Lots of print and screen space is devoted to showing new ways to cook seasonal fruit and vegetables. Too much, perhaps. Because generally you can’t beat the traditional methods and, as in the case of this particular fruit, sometimes there should be no cooking at all. Often, eating things in their raw state is the best way to celebrate them.
Blood oranges are stunning – both visually and taste wise. There is little need to mess around. Much better to simply match them with complementary flavours and textures.
I thought dry, slightly bitter, slightly salty, crumbly chocolate soil, and cold, vanilla infused cream would be a good start. And it was. Chocolate and orange: we know that works. Vanilla cream and any sweet and sharp fruit: also great.
The soil is easy: a chocolate crumb taken from a recipe by New York restaurant Momofuku Milk Bar. It takes little effort to produce a very pleasing hard, dusty cookie dough type thing. You can find the method on The Guardian website. Though if you’ve a sweet, slightly trashy tooth, then I heartily recommend buying the book. Lots of inspiration within.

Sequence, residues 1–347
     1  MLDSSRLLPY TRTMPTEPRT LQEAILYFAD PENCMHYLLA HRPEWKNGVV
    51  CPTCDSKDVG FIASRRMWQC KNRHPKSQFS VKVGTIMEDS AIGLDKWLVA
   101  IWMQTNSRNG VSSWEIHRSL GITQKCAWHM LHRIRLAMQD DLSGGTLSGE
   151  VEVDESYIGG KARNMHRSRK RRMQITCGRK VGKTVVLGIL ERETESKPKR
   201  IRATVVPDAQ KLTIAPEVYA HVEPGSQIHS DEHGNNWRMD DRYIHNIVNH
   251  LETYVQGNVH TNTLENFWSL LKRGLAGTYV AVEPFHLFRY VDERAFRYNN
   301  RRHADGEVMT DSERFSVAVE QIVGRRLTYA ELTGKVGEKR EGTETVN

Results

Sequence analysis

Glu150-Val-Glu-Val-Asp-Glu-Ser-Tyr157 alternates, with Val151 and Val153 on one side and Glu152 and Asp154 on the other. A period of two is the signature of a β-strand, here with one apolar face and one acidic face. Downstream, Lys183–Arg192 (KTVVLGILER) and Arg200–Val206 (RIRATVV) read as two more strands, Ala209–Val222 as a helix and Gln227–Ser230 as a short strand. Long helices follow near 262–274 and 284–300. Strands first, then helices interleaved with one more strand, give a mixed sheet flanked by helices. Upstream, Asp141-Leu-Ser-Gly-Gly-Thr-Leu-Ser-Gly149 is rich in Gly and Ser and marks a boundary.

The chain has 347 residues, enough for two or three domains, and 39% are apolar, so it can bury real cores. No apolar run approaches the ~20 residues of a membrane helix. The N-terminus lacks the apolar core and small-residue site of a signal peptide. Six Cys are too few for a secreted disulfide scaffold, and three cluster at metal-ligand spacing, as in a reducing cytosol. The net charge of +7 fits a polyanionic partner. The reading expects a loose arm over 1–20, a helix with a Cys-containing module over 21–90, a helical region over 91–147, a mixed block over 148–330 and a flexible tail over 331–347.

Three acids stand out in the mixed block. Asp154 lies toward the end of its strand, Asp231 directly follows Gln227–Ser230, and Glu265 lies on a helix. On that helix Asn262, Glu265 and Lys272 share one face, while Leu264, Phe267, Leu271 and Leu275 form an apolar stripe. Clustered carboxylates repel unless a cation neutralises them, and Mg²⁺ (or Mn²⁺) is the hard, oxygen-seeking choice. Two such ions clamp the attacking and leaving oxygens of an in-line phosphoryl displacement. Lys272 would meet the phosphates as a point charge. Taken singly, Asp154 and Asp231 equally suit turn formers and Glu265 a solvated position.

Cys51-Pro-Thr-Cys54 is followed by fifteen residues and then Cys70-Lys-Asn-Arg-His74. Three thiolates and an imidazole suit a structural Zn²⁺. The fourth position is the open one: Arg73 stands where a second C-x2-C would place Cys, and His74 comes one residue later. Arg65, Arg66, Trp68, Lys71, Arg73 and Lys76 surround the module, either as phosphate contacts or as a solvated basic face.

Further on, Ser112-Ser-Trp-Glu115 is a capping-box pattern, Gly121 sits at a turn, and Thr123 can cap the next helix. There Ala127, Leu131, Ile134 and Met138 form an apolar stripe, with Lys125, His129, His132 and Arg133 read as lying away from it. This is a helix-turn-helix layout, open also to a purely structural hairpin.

I only had double cream in the house, but I suggest using whipping cream for a feather light Chantilly. In fact, I look at that picture and shudder with embarrassment at the ugly, heavy looking lump of slightly over-whipped, sweetened double cream. So my recipe reflects this.
Of course, an attractive alternative is to simply peel the orange and eat it.
Blood orange, vanilla cream and chocolate soil
Serves 42 blood oranges 160g whipping cream 15g icing sugar 1 teaspoon of vanilla essence or the seeds of 1/2 a fresh vanilla pod 120g Momofuku chocolate crumb (soil)
Prepare the chocolate crumb / soil in advance. The Momofuku recipe makes about 350g and keeps well in an airtight box. 30g per person will do here.
Using a sharp pairing knife, take the top and the bottom 5mm off each of the oranges, so that they sit flat on a chopping board. Skin each of the oranges with the knife, following the shape of the orange, removing the skin and the pith and leaving just the flesh. Then slice each of the oranges horizontally, leaving beautiful, blood splattered (just coloured, hopefully) discs. Each person gets half an orange.
Pour the the whipping cream into a mixing bowl. Add the icing sugar and vanilla, then whisk to ribbon stage with a hand held, elbow powered, balloon whisk. We want it to be beautifully light, not curdled, so take care. It’s a small amount so doesn’t take much effort. As soon as the cream starts to tighten, stop, then just whisk a couple of flicks at a time. Catering school would tell you to whisk over a bowl of ice.
Pile 30g of chocolate crumbs on the top right third of each plate. Arrange the orange discs to the left of the chocolate, then spoon a good dollop of cream in between the two. Lovely stuff.